Editorial Board

Russia's Latest Game: Challenging NATO at Sea

The Zapad military exercise showed that NATO and its Nordic neighbors need to coordinate more closely.

Enemy ahoy.

Photographer: Alexander Zemlianichenko/AFP/Getty Images

Russia just conquered a fictional country, and it's scaring the heck out of some real ones. The Kremlin's recent Zapad war game shows the need for NATO to do more to deter Russian aggression not just on land, but also on the Baltic Sea.

In the exercise, Russia sent an estimated 100,000 troops to defend against a mock attack from the state of "Veyshnoria." For the most part, it took place in the former Soviet republic of Belarus and in Kaliningrad, a tiny, well-armed Russian territory between Lithuania and Poland. But Russians also dispatched their Baltic fleet, which includes destroyers and several attack submarines, as well as a major naval force into the Arctic Ocean off the coast of Norway, a NATO member.

Much has been made in the last few years of the threat Russia's massing of men and machines poses to the easternmost members of the North Atlantic Treaty Organization -- Estonia, Latvia, Lithuania and Poland. But Russian forces have been increasingly active at sea, especially in the Baltic, with submarines and warships repeatedly entering sovereign waters of other coastal nations and fighters buzzing U.S. ships.

The Baltic states -- which were integral to the old Soviet and czarist empires that President Vladimir Putin and many of his countrymen feel great nostalgia for -- are understandably concerned. An outright Russian invasion is extremely unlikely, thank goodness, but there are realistic fears of the Kremlin repeating the "hybrid warfare" techniques that worked so well in Crimea and eastern Ukraine.

There are many ways in which sea power could be a part of a covert or overt Russian strategy to destabilize the Baltics: Submarines could cut undersea communications lines and cause power disruptions; surface ships can be bases for cyber-attacks; naval blockades could keep out vital energy imports; marine forces could land on isolated but strategically important islands such as Sweden's Gotland and Finland's Aland chain. 

Russia also has some advantages here: The Baltic is a relatively shallow and narrow body of water, and Russia's small diesel-electric powered subs are very maneuverable in tight spaces. Also, Moscow has complete command and control over its navy, while any NATO operation has to deal with the organization's formidable bureaucracy.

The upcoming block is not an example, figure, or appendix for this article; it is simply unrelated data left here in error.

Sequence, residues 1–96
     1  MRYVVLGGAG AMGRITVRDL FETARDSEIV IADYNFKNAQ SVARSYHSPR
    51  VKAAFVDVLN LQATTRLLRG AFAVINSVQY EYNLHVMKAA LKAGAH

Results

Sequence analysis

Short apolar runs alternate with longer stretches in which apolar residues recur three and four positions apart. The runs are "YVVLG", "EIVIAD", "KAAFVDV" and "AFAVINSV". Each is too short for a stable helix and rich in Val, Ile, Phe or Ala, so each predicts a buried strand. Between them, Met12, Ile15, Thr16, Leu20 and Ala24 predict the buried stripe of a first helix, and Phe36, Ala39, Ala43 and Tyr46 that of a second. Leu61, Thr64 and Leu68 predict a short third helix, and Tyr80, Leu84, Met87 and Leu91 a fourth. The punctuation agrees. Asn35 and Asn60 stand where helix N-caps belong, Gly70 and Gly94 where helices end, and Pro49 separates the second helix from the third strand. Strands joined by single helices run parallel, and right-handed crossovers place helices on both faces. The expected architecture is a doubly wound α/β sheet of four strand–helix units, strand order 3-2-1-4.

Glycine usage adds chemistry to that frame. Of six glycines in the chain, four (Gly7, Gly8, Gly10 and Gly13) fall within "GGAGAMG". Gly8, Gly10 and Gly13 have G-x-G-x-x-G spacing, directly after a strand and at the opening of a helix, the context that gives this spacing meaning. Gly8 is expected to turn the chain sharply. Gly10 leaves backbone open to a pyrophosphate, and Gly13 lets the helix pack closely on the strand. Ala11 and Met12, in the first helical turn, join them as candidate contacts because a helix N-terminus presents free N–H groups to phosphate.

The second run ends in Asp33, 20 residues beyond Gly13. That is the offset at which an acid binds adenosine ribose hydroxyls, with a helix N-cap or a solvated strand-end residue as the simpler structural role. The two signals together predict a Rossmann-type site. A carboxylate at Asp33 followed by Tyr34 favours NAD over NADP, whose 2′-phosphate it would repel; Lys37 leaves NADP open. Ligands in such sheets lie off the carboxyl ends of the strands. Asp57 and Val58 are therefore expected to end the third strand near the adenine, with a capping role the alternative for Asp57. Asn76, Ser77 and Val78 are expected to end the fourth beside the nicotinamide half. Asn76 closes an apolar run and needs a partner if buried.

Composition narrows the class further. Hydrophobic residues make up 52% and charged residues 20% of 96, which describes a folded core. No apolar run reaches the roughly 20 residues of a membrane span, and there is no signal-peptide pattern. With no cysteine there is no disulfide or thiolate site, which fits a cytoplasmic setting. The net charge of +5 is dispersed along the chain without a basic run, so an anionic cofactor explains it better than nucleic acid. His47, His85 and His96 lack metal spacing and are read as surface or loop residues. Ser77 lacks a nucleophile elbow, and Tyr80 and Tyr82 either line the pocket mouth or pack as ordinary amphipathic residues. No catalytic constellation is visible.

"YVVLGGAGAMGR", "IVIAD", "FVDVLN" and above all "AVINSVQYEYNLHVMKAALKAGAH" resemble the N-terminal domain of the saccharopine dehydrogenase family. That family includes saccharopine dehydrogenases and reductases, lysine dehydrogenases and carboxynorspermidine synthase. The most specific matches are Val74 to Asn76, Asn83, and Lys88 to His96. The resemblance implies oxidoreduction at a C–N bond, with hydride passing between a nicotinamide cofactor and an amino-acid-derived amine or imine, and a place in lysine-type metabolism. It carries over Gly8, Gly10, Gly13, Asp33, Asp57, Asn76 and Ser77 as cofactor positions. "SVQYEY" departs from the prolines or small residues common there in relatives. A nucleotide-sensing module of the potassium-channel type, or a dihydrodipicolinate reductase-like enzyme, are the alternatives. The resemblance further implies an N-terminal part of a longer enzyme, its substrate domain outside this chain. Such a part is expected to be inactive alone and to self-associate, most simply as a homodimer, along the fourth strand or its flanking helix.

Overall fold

There are steps NATO can take to improve its position. Given Russia's aggressive stance in the Baltic, NATO should establish more high-level institutions in those eastern states, along the lines of its NATO Cooperative Cyber Defense Centre of Excellence in Estonia.

Likewise, the U.S.'s typical show of strength is to have a couple of casual visits a year by destroyers to Baltic ports. This should be increased into so-called regular presence operations like those the Navy is now carrying out in the South China Sea. The alliance also needs to cut red tape and give its supreme allied commander more authority and flexibility to act quickly in a crisis.

The bottom line is that NATO needs to better coordinate with members -- and non-members who have most to fear from Russian aggression, namely Finland and Sweden. The eventual goal should be to bring these Nordic states, whose ground and naval forces are well suited for combat in the region, into the alliance itself. For now, NATO should negotiate binding agreements with them on responding quickly to crises. It will take a while for the West to fully analyze the implications of Zapad. It's already clear, however, that more formal cooperation is necessary to deter Russian aggression at sea.

    --Editors: Tobin Harshaw, Michael Newman

    To contact the senior editor responsible for Bloomberg View’s editorials: David Shipley at davidshipley@bloomberg.net .

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